And there are many examples in the works of other highbrow metafictional writers, including Vladimir Nabokov (Pale Fire, The Gift); Alain Robbe-Grillet (The Erasers, Project for a Revolution in New York); Paul Auster (The New York Trilogy); and Martin Amis (London Fields). But one particular ‘metacrime’ novel that has long fascinated fans of postmodern detective fiction is The Face on the Cutting-Room Floor by ‘Cameron McCabe’, where the author himself is a character — and murder suspect — who uses layered texts, deconstruction and rug-pulling to further complicate the ‘real’ mystery — if there ever was such a thing.

The aforementioned are all literary, fairly intellectual examples of the ‘meta’ tendency, but it cropped up notably in the pop culture of the horror movie with Wes Craven’s Scream series in the 1990s. Here the characters are self-aware and constantly remarking about horror conventions and tropes as they proceed, but the frights and unexpected jolts still have to be real to maintain the plot tension and counterbalance the nudge-winkery. You get a similar thing in Quentin Tarantino’s films; they are at the same time pastiches and effective genre movies in their own right. And Tarantino was a big influence on Literary Stalker. One of the staged murders in The Facebook Murders is a pastiche of Reservoir Dogs, and the underlying serial revenge theme owes a lot to the Kill Bill films as well as Theatre of Blood.

Moving on to metahorror in book form, a marvellous example is the first story in Joe Hill’s collection 20th Century Ghosts. I include Joe as ‘himself’ in Literary Stalker, alluding to the time I met him at a convention in 2006, when he was just emerging onto the scene and I bought that collection and read that first story upstairs in my hotel room.

‘Best New Horror’ is flesh-creepingly brilliant in a way so many horror stories are not! A world-weary horror anthologist — who knows all the horror angles and tropes, as in the Scream series — tracks down the elusive writer of a bizarre, transgressive and ultra-violent story he wants to publish, and — you’ve guessed it! — finds himself literally descending into a horror story himself — sucked in inexorably by his own fear. It is an outstanding, completely successful horror piece whilst being self-knowingly stereotypical, which is no mean feat. And that self-knowledge marks it out as ‘metahorror’ as much as the nested narratives — inner story and framing story.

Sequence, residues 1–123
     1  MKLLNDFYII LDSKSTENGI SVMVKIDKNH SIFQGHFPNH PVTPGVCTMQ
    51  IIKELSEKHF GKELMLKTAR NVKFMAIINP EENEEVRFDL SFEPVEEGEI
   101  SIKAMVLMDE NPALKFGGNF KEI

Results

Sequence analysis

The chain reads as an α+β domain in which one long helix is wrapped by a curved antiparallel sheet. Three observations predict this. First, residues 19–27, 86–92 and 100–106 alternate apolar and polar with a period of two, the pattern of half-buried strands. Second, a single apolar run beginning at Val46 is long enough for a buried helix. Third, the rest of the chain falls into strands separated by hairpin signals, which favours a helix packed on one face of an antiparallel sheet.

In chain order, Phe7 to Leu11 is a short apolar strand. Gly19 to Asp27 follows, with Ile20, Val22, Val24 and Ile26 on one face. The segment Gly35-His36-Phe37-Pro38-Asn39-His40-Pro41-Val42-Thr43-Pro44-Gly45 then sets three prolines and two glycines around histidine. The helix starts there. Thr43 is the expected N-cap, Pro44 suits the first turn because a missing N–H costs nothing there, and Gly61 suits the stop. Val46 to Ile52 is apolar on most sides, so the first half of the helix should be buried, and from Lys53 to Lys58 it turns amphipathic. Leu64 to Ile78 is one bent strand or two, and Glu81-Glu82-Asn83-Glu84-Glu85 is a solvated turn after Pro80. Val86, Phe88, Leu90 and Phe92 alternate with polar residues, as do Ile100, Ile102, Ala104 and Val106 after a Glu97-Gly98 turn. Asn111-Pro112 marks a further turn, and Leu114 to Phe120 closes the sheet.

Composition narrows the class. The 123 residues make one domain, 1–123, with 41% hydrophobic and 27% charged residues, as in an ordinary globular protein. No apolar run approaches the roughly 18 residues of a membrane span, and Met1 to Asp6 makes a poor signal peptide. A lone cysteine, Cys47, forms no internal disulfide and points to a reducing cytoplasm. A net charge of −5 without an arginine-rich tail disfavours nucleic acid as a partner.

Darkness Visible: In Literary Stalker you make great play about what is supposedly factual and what is made-up or fictional. You start with a disclaimer, as the real author, and then Nick comes on stage and completely undermines that in the first paragraph! People are going to wonder just how much real life there is in the text, taken from your own experience, and how much is made up. For instance, have you had any spats and fallings out with other writers such as Nick describes?

Roger: Ah, the sixty-four-thousand-dollar question! Well, it’s all made up in the sense that the characters are inventions and not portraits of real people — unlike in The Facebook Murders — and the events are all largely fabricated too, or at least nothing happened quite in the way I portray in the story…

For the record, I’ve never received a bad review from a critic that made my blood boil, or had disparaging remarks made about me on Facebook, or had a story accepted and then never published — like Nick. But some of the material is taken from life. For example, the term ‘kamikaze writer’ came from a conversation I once had with an editor about writers who argue and remonstrate after they’ve been rejected. And ‘tadpole writer’ was actually coined by a critic — myself, as it happens! I put it in a review and thought it ‘clever’ at the time; but a couple of months on, when I saw it finally reproduced in print, it came across differently, and I thought: That was a bitchy thing to say.

Darkness Visible: So that was a lesson for you?

Roger: It was! It taught me to tread more carefully as a critic. Another phase I use in Literary Stalker is ‘horror-wanker’ writer, and that too came from discussions at conventions or on message boards, alluding to the bottom-of-the-barrel-type writers who churn out clichéd rubbish — usually ultra-violent or sexual or both — and become the bane of editors’ lives by submitting it for publication. When that particular term is levelled at Nick, it’s very much ‘the final straw’.

Darkness Visible: So, despite any metafictional games and tricksy convolutions in the text, the emotions remain true?

Roger: Absolutely. The emotions must always remain true, and that has to be the touchstone of naturalistic fiction, metafiction, science fiction, fantasy or whatever. If not it won’t work.

Darkness Visible: Thank you, Roger, for making the ‘meta’ world a bit clearer!

Roger: Thank you, too, Matt!

Literary Stalker is available as a paperback and on Kindle Unlimited on Amazons worldwide. For more information, please visit: Darkness Visible.